making good. General Conditions: 1. All exempted alterations are to be planned and carried out in a manner which prevents damage to the fabric of the registered place or object. General Conditions: 2. Should it become apparent during further inspection or the carrying out of works that original or previously hidden or inaccessible details of the place or object are revealed which relate to the significance of the place or object, then the exemption covering such works shall cease and Heritage Victoria shall be notified as soon as possible. Note: All archaeological places have the potential to contain significant sub-surface artefacts and other remains. In most cases it will be necessary to obtain approval from the Executive Director, Heritage Victoria before the undertaking any works that have a significant sub-surface component. General Conditions: 3. All works should be informed by Conservation Management Plans prepared for the place. General Conditions: 4. Nothing in this determination prevents the Executive Director from amending or rescinding all or any of the permit exemptions. General Conditions: 5. Nothing in this determination exempts owners or their agents from the responsibility to seek relevant planning or building permits from the responsible authorities where applicable. Regular Site Maintenance : The following site maintenance works are permit exempt under section 66 of the Heritage Act 1995: a) regular site maintenance provided the works do not involve the removal or destruction of any significant above-ground features or sub-surface archaeological artefacts or deposits; b) the maintenance of an item to retain its conditions or operation without the removal of or damage to the existing fabric or the introduction of new materials; c) cleaning including the removal of surface deposits, organic growths, or graffiti by the use of low pressure water and natural detergents and mild brushing and scrubbing; d) repairs, conservation and maintenance to plaques, memorials, roads and paths, fences and gates and drainage and irrigation. e) the replacement of existing services such as cabling, plumbing, wiring and fire services that uses existing routes, conduits or voids, and does not involve damage to or the removal of significant fabric. Note: Surface patina which has developed on the fabric may be an important part of the item's significance and if so needs to be preserved during maintenance and cleaning. Note: Any new materials used for repair must not exacerbate the decay of existing fabric due to chemical incompatibility, obscure existing fabric or limit access to existing fabric for future maintenance. Repair must maximise protection and retention of fabric and include the conservation of existing details or elements. Fire Suppression Duties : The following fire suppression duties are permit exempt under section 66 of the Heritage Act 1995, a) Fire suppression and fire fighting duties provided the works do not involve the removal or destruction of any significant above-ground features or sub-surface archaeological artefacts or deposits; b) Fire suppression activities such as fuel reduction burns, and fire control line construction, provided all significant historical and archaeological features are appropriately recognised and protected; Note: Fire management authorities should be aware of the location, extent and significance of historical and archaeological places when developing fire suppression and fire fighting strategies. The importance of places listed in the Heritage Register must be considered when strategies for fire suppression and management are being developed. Weed and Vermin Control : The following weed and vermin control activities are permit exempt under section 66 of the Heritage Act 1995, a) Weed and vermin control activities provided the works do not involve the removal or destruction of any significant above-ground features or sub-surface archaeological artefacts or deposits; Note: Particular care must be taken with weed and vermin control works where such activities may have a detrimental affect on the significant fabric of a place. Such works may include the removal of ivy, moss or lichen from an historic structure or feature, or the removal of burrows from a site that has archaeological values. Landscape Maintenance : * The process of gardening, including mowing, hedge clipping, bedding displays, removal of dead shrubs and replanting the same species or cultivar, disease and weed control, and maintenance to care for existing plants. * Repairs, conservation, and maintenance to hard landscape elements, buildings and structures, fountains and monuments, steps, paths, paths and gutters, drainage and irrigation systems, edging, fences and gates. * Removal of dead or dangerous trees and vegetation, works to maintain fire safety and to conserve significant buildings and structures and emergency works, provided a report is submitted to the Executive Director within 21 days. * Replanting the same plant species which conserves the significant landscape character and values including specimen trees, avenues, rows, shrubberies, flower beds, and lawns, provided a list and plan is submitted to the Executive Director for approval. * Management of trees in accordance with Australian Standard; Pruning of Amenity Trees AS 4373-1996. * Management of trees in accordance with Australian Standard; Protection of Trees on Development Sites AS 4970-2009 * Subsurface works involving the installation, removal or replacement of watering and drainage systems or services, outside the canopy edge of significant trees in accordance with .AS4970 and on the condition that works do not impact on archaeological features or deposits. * Removal of plants listed as noxious weeds in the Catchment and Land Protection Act 1994 * Vegetation protection and management of the possum and rabbit population. * Repainting the same colour of previously painted surfaces Public Safety and Security : The following public safety and security activities are permit exempt under section 66 of the Heritage Act 1995, a) public safety and security activities provided the works do not involve the removal or destruction of any significant above-ground structures or sub-surface archaeological artefacts or deposits; b) the erection of temporary security fencing, scaffolding, hoardings or surveillance systems to prevent unauthorised access or secure public safety which will not adversely affect significant fabric of the place including archaeological features; c) development including emergency stabilisation necessary to secure safety where a site feature has been irreparably damaged or destabilised and represents a safety risk to its users or the public. Note: Urgent or emergency site works are to be undertaken by an appropriately qualified specialist such as a structural engineer, or other heritage professional. Signage and Site Interpretation : The following Signage and Site Interpretation activities are permit exempt under section 66 of the Heritage Act 1995, a) signage and site interpretation activities provided the works do not involve the removal or destruction of any significant above-ground structures or sub-surface archaeological artefacts or deposits; b) the erection of non-illuminated signage for the purpose of ensuring public safety or to assist in the interpretation of the heritage significance of the place or object and which will not adversely affect significant fabric including landscape or archaeological features of the place or obstruct significant views of and from heritage values or items; c) signage and site interpretation products must be located and be of a suitable size so as not to obscure or damage significant fabric of the place; d) signage and site interpretation products must be able to be later removed without causing damage to the significant fabric of the place; Note: The development of signage and site interpretation products must be consistent in the use of format, text, logos, themes and other display materials. Note: Where possible, the signage and interpretation material should be consistent with other schemes developed on similar or associated sites. It may be necessary to consult with land managers and other stakeholders concerning existing schemes and strategies for signage and site interpretation. Mineral Exploration : The following Mineral Exploration activities are permit exempt under section 66 of the Heritage Act 1995, a) mineral Exploration activities provided the works do not involve the removal or destruction of any significant above-ground features or sub-surface archaeological artefacts or deposits; b) preliminary non-intrusive exploration, including geological mapping, geophysical surveys, and geochemical sampling and access to shafts and adits; c) advanced forms of exploration (drilling), including the location of drill pads and access tracks where this has been the subject of on-site negotiation and agreement with representatives of Heritage Victoria, DSE and Parks Victoria, and where all significant historic site features have been identified and protected as part of an approved work plan. Minor Works : Note: Any Minor Works that in the opinion of the Executive Director will not adversely affect the heritage significance of the place may be exempt from the permit requirements of the Heritage Act. A person proposing to undertake minor works must submit a proposal to the Executive Director. If the Executive Director is satisfied that the proposed works will not adversely affect the heritage values of the site, the applicant may be exempted from the requirement to obtain a heritage permit. If an applicant is uncertain whether a heritage permit is required, it is recommended that the permits co-ordinator be contacted.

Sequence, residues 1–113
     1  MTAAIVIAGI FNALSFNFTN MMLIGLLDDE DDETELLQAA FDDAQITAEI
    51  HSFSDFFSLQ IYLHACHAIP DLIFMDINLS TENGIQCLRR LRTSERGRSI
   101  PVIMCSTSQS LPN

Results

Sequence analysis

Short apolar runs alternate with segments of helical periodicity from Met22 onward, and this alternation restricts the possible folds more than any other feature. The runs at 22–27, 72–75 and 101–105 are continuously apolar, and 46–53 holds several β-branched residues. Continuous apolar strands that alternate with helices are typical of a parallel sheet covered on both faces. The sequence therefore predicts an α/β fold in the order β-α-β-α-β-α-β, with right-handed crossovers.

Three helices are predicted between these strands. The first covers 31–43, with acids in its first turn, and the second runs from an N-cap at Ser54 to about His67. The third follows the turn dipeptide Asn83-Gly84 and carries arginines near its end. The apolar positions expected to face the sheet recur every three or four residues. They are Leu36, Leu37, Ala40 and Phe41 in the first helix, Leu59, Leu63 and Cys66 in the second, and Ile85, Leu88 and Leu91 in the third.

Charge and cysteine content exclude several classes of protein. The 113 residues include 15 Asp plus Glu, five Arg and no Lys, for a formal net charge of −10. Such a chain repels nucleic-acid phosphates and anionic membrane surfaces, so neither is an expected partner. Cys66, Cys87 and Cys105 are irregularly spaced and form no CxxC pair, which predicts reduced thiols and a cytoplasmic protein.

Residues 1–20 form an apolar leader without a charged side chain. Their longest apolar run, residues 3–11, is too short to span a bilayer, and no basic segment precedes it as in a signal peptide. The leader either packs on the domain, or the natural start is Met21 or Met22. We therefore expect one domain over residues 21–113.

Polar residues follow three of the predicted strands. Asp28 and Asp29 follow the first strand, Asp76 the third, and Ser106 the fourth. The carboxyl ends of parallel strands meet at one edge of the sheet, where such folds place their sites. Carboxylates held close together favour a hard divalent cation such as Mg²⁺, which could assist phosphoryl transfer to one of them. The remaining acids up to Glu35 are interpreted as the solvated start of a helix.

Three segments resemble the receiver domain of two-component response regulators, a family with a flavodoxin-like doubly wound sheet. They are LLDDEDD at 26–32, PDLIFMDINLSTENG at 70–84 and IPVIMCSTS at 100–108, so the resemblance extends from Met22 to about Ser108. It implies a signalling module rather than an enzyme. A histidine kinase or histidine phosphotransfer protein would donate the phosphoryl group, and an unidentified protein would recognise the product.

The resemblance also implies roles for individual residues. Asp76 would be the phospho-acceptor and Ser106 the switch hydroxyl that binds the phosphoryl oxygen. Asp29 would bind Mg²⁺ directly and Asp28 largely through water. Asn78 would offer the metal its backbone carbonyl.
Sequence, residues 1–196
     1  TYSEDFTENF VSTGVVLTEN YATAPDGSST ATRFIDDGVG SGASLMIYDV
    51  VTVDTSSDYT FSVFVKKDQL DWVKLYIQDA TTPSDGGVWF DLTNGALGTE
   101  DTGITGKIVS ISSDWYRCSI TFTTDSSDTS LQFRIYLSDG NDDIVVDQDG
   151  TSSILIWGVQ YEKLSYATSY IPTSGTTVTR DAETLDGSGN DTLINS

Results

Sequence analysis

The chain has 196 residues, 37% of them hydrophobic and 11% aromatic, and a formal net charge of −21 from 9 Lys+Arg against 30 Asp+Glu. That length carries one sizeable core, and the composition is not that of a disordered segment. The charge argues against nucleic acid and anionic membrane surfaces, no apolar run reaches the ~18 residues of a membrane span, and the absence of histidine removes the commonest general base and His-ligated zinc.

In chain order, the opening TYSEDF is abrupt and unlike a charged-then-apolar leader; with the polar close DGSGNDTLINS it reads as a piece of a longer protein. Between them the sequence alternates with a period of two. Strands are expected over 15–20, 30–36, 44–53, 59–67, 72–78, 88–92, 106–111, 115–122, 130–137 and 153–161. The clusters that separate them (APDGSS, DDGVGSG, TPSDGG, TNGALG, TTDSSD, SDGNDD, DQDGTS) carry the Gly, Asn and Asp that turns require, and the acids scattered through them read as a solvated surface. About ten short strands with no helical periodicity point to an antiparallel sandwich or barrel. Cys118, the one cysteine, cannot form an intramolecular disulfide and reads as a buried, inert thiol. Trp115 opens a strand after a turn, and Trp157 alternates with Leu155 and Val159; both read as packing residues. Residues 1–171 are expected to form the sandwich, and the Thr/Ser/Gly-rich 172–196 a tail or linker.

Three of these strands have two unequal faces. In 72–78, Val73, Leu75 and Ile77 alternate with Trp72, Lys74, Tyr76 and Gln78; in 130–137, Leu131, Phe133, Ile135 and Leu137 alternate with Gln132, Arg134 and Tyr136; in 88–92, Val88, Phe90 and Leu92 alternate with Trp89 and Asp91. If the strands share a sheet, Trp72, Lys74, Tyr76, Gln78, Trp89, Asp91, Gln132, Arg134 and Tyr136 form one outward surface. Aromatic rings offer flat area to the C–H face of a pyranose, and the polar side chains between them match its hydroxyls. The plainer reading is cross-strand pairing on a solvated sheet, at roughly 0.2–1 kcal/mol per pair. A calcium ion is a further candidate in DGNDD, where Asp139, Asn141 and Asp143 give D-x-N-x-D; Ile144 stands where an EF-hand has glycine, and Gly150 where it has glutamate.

FORMER FLEMINGTON COURT HOUSEVictorian Heritage Register H1470
NATHAN'S TERRACEVictorian Heritage Register H1205
FORMER NEWMARKET SALEYARDS AND ABATTOIRSVictorian Heritage Register H1430
"AMF Officers" ShedMoorabool Shire
"AQUA PROFONDA" SIGN, FITZROY POOLVictorian Heritage Register H1687